A thing or two

The owner of Carniceria Dos Amigos recently opened a restaurant next door.

The owner of Carniceria Dos Amigos recently opened a restaurant next door.


Carniceria Dos Amigos is open 9 a.m. to 8 p.m.

There are few things I enjoy more than discovering a new eatery hiding in plain sight. Though I knew Carniceria Dos Amigos is one of the shops at the northeast corner of Moana and Kietzke, I didn’t notice until last week that they’d added a small restaurant next door. Nearly everything on the menu is made in-house, with tortillas, sauces and marinated meats available for retail sale in the shop.

Crispy tortilla chips and a delicious salsa started things off with what I consider a perfect amount of heat, balanced by plenty of fresh onion, tomato and cilantro. My wife and I make pico de gallo at home, but this version included some form of black magic that made me swoon with every bite. Trust me, you’ll want to buy a pint to take home.

A rather unique serving of queso fundido con chorizo (melted cheese and spicy sausage) ($5.99) was shared by the table. Instead of a melty cheese and sausage dip, a big pile of chorizo—surrounded by jalapeño halves—was piled atop melted Oaxaca cheese with a little more cheese sprinkled on top. The flavor was fine, but a fork was required to pull it apart and place it on a chip. I took half of it home to make a breakfast burrito.

We followed the chips with a plate of tacos ($2 each), including carnitas (slow-cooked pork), lengua (beef tongue), al pastor (pork roasted in spices and pineapple), carne asada (marinated flank steak), chorizo (spicy sausage) and birria (goat stew). Each taco was loaded with meat, topped with veggies and sauce and accompanied by a side of fiery hot sauce. All the meats were tender, moist and well-seasoned, although caution is warranted with the goat; birria often includes a bone fragment or two. It’s better to order the birria soup ($7.99) so you can spot the bony bits amongst the savory, spicy chunks of meat.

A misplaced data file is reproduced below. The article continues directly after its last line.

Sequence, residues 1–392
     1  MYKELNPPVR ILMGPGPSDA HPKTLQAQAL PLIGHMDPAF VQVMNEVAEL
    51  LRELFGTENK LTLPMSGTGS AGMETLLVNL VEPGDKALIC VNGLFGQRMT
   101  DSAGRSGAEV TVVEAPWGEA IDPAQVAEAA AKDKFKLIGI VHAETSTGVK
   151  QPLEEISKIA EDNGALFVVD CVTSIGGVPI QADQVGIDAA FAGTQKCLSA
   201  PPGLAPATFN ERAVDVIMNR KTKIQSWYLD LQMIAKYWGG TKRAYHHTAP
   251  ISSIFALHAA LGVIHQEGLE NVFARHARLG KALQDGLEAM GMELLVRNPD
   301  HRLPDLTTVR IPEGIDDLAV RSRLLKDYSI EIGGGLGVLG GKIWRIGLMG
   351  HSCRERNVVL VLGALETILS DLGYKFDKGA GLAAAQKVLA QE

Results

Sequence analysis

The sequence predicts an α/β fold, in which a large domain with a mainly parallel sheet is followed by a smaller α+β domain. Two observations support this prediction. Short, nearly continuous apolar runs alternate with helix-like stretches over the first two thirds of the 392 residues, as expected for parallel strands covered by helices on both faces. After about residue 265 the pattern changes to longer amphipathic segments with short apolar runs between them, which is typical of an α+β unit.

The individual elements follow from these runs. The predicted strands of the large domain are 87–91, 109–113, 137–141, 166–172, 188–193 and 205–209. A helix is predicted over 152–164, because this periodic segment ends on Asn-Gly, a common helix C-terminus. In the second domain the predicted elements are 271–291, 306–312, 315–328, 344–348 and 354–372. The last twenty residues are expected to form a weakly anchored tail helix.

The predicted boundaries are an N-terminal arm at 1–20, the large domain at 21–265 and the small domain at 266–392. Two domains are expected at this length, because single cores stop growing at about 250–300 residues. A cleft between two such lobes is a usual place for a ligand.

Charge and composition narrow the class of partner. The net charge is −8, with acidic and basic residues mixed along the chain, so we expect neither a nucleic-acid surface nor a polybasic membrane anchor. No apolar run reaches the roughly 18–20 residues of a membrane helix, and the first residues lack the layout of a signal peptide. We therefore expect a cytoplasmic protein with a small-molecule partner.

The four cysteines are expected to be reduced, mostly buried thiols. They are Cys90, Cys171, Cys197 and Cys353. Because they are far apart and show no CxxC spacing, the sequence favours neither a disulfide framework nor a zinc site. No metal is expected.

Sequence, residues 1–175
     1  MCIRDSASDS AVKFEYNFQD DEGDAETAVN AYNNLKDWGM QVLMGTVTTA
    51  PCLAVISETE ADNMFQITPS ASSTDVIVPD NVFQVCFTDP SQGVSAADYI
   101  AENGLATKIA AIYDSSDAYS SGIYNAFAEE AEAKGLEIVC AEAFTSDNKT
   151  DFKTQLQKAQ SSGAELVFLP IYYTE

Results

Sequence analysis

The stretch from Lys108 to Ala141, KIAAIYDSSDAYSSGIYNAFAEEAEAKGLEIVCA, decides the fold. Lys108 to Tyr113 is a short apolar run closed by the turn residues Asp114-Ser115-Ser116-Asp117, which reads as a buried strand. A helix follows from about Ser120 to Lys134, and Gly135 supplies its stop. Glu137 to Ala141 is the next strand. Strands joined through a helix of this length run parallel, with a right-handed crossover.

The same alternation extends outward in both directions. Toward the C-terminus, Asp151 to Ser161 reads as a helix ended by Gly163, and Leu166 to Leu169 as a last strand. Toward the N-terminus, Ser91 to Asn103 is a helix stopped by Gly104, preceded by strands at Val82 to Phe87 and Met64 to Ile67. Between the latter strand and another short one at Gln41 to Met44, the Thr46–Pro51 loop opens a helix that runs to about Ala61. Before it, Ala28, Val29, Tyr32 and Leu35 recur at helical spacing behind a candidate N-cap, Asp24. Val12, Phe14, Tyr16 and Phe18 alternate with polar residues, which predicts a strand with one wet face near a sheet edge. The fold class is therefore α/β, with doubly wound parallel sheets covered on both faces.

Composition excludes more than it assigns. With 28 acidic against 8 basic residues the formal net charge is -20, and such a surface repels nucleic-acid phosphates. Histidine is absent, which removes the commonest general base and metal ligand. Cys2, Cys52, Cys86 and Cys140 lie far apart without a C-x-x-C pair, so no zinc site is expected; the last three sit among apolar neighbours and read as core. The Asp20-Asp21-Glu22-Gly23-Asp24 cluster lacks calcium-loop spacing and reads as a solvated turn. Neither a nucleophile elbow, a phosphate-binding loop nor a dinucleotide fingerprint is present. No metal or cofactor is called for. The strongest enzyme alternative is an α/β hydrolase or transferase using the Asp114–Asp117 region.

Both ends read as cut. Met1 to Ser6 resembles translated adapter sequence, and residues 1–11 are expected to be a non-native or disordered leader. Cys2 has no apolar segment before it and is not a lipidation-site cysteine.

My wife’s burrito de pollo ($4.99) was very flavorful, largely due to the better-than-average rice, refried beans and a near-perfect blend of herbs and spices ($4.99). Similarly, a tostada de camarón ($3.99)—fresh shrimp, mildly cured with lime juice and cilantro atop a crispy corn tortilla—was bursting with flavor. My daughter enjoyed a plate of costilla en salsa verde (bone-in pork chops in green sauce)($8.99). Again, you have to watch out for bones in the pork chop chunks. The meat was served in green sauce with julienned onion and jalapeño.

The soft, crusty roll of a chorizo torta (Mexican sandwich) ($5.99) was stuffed with meat and veggies and served with plenty of square-cut fries. The sandwich was too big to be finished in one sitting, but we all pitched in on the fries. Similarly, a pair of chicken enchiladas ($8.99) totally covered in a ton of cheese was more than could be finished. The flavor and texture of the marinated, grilled chicken was very good and completely different from that used in the burrito.

Wanting to try something new I ordered filete al &#;aacute;ngel (fish fillet) ($10.99). It was the size of a hubcap and fried in a crispy coating of seasoned cornmeal. Delicious on its own, the fish was topped with a generous serving of tender octopus and melted Oaxaca cheese. Served with rice, beans and veggie garnish, it was a huge amount of quality food for the price.